Waddlia chondrophila induces systemic infection, organ pathology, and elicits Th1-associated humoral immunity in a murine model of genital infection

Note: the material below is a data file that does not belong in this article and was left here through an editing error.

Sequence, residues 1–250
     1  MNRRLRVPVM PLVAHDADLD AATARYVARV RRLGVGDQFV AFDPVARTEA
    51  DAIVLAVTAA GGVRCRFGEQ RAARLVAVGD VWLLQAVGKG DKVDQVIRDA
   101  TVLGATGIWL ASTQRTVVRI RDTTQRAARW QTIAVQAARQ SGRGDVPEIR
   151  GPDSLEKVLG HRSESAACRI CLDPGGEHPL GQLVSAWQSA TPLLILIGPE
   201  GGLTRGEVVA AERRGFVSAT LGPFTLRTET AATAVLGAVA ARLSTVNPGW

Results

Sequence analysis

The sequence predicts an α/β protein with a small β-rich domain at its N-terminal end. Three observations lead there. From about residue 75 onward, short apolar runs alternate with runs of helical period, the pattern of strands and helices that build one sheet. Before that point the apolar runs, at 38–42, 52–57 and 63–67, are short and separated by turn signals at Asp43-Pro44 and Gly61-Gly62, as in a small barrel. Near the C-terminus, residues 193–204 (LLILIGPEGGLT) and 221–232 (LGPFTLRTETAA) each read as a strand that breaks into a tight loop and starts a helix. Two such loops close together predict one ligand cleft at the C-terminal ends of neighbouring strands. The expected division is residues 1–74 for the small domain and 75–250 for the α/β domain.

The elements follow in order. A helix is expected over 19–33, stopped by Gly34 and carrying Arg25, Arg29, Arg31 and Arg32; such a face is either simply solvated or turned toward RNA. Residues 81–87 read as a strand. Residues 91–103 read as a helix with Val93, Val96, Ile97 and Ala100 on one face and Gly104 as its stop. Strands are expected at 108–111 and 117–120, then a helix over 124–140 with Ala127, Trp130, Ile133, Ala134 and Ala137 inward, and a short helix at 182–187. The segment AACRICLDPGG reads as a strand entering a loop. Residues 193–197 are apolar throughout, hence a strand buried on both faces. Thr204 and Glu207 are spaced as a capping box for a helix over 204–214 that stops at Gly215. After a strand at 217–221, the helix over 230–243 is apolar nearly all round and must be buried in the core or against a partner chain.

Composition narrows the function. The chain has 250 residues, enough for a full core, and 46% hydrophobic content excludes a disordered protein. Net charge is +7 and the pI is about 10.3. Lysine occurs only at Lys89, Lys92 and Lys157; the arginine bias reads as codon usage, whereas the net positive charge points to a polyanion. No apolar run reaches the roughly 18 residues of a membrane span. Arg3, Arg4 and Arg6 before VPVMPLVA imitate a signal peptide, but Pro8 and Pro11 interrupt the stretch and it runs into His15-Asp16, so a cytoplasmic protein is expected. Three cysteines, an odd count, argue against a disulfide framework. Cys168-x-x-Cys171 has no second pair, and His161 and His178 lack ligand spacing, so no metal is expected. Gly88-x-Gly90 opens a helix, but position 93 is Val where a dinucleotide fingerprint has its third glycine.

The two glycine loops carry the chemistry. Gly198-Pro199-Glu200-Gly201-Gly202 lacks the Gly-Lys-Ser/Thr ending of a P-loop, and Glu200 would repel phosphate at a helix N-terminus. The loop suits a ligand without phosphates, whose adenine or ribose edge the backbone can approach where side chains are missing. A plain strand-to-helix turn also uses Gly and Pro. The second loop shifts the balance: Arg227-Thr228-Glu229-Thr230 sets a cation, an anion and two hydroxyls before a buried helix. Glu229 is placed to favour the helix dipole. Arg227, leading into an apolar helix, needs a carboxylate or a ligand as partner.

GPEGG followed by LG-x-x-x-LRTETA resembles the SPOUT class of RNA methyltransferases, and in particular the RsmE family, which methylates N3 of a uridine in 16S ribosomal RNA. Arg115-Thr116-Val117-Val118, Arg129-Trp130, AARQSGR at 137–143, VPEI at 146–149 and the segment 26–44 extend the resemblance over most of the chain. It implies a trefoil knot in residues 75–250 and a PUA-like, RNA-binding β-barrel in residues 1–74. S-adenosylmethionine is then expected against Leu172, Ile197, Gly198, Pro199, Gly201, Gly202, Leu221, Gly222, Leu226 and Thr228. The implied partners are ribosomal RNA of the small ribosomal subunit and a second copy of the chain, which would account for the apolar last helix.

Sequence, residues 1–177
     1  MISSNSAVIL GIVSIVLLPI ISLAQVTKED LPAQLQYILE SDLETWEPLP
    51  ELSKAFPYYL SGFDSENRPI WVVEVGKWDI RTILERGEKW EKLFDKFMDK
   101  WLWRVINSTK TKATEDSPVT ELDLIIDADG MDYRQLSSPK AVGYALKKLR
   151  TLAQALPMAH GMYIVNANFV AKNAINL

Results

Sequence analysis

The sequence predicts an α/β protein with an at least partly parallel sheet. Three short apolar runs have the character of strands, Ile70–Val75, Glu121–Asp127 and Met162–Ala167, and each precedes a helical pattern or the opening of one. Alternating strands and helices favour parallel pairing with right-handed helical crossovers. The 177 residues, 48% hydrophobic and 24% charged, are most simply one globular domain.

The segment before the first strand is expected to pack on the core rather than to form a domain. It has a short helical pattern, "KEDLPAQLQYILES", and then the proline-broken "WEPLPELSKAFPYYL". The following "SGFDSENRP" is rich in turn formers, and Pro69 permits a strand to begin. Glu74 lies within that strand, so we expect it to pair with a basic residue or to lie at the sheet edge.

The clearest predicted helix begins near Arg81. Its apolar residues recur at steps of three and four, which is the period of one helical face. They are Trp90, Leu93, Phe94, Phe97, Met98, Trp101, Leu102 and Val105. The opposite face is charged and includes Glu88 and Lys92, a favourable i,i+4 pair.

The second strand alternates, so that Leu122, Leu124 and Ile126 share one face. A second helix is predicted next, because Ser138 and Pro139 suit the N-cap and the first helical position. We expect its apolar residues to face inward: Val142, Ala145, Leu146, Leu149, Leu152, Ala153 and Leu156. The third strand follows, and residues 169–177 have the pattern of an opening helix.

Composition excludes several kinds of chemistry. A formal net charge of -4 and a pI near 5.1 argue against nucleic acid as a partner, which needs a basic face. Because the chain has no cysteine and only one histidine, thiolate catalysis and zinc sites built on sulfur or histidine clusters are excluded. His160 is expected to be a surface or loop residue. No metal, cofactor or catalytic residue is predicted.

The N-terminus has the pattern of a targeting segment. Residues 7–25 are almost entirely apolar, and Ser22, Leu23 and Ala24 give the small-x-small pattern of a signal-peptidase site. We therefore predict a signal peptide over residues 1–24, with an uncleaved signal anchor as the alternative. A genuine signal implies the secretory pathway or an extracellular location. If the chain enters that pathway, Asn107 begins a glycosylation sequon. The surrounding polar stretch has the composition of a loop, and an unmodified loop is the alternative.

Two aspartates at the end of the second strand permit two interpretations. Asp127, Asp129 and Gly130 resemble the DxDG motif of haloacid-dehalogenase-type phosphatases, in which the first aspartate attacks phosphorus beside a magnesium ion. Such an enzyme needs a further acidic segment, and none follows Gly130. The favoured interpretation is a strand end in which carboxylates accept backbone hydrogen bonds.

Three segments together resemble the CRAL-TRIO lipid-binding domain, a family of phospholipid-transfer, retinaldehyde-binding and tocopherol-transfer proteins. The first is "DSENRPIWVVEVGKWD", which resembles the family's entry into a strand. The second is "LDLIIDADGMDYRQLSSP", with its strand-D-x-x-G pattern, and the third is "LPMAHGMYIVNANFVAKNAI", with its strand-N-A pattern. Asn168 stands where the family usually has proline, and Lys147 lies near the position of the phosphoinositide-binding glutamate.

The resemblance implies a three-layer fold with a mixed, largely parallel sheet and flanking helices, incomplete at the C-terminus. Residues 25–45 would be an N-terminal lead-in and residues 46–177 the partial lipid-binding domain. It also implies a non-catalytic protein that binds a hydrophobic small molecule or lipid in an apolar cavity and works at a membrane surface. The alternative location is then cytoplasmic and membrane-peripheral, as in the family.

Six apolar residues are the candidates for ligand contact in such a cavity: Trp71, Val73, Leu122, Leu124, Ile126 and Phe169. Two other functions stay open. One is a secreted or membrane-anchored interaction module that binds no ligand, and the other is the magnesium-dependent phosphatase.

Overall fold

Waddlia chondrophila is a known bovine abortigenic Ch/amydia-related bacterium that has been associated with adverse pregnancy outcomes in human. However, there is a lack of knowledge regarding how W chondrophila infection spreads, its ability to elicit an immune response and induce pathology. A murine model of genital infection was developed to investigate the pathogenicity and immune response associated with a W chondrophila infection. Genital inoculation of the bacterial agent resulted in a dose-dependent infection that spread to lumbar lymph nodes and successively to spleen and liver. Bacterial induced pathology peaked on day 14, characterized by leukocyte infiltration (uterine horn, liver, and spleen), necrosis (liver) and extramedullary hematopoiesis (spleen). Immunohistochemistry demonstrated the presence of a large number of W chondrophila in the spleen on day 14. Robust IgG titers were detected by day 14 and remained high until day 52. IgG isotypes consisted of high IgG2a, moderate IgG3 and no detectable IgG1, indicating a Th1-associated immune response. This study provides the first evidence that W chondrophila genital infection is capable of inducing a systemic infection that spreads to major organs, induces uterus, spleen, and liver pathology and elicits a Th1-skewed humoral response. This new animal model will help our understanding of the mechanisms related to intracellular bacteria-induced miscarriages, the most frequent complication of pregnancy that affects one in four women.